Skógar Museum is a cultural heritage museum in south Iceland.
Located near one of the most popular waterfalls in the country, Skógafoss, the museum is easy to reach by travelling Route 1 South from Reykjavík. It is often overlooked because of the fame of Skógafoss, which stands at sixty metres tall, falls with immense power, and can be approached very closely.
A visit to the museum, however, will be greatly rewarding for any interested in Icelandic history, folklore and culture.
Skógar Museum has over 16,000 artefacts from Iceland’s history, and boasts an open-air museum, a folk museum and a technical museum. It has a vast array of exhibitions on how Icelanders have lived throughout their history.
Agriculture on this barren land, for example, has been essential to the survival of the Icelandic people since settlement. The museum has a wealth of displays as to how this was achieved through a variety of creative means.
Similarly, Iceland’s fisheries have been part of its lifeblood for centuries, and the evidence and information on display explains how this technology developed from rowboats to the trawlers of today.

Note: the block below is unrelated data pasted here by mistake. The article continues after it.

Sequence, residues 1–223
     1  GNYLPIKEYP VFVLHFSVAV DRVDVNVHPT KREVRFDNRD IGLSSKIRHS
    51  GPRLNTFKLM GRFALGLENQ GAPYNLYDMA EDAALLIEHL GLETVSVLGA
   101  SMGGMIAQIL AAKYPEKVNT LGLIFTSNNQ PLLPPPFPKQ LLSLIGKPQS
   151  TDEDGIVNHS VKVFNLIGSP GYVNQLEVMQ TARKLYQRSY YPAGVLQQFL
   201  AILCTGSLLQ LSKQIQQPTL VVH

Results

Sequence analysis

The exhibitions on communication and transport help bring to light how isolated Iceland was throughout its history and how resourceful people were, while others on handicrafts and folklore show the Icelandic imagination and creativity.
One particular artefact of note is a handle, said to be from a chest full of a giant’s treasure. A man attempted to retrieve the chest from Skógafoss waterfall, only for this handle to break off and the gold to have been lost forever.
The Skógar Museum is spread over six buildings. Entrance is 2000 ISK for adults, 1500 ISK for seniors, 1000 ISK for children 12-17, and free for those younger. It is open from June to August from 09:00 to 18:00, and from 10:00 to 17:00 in September.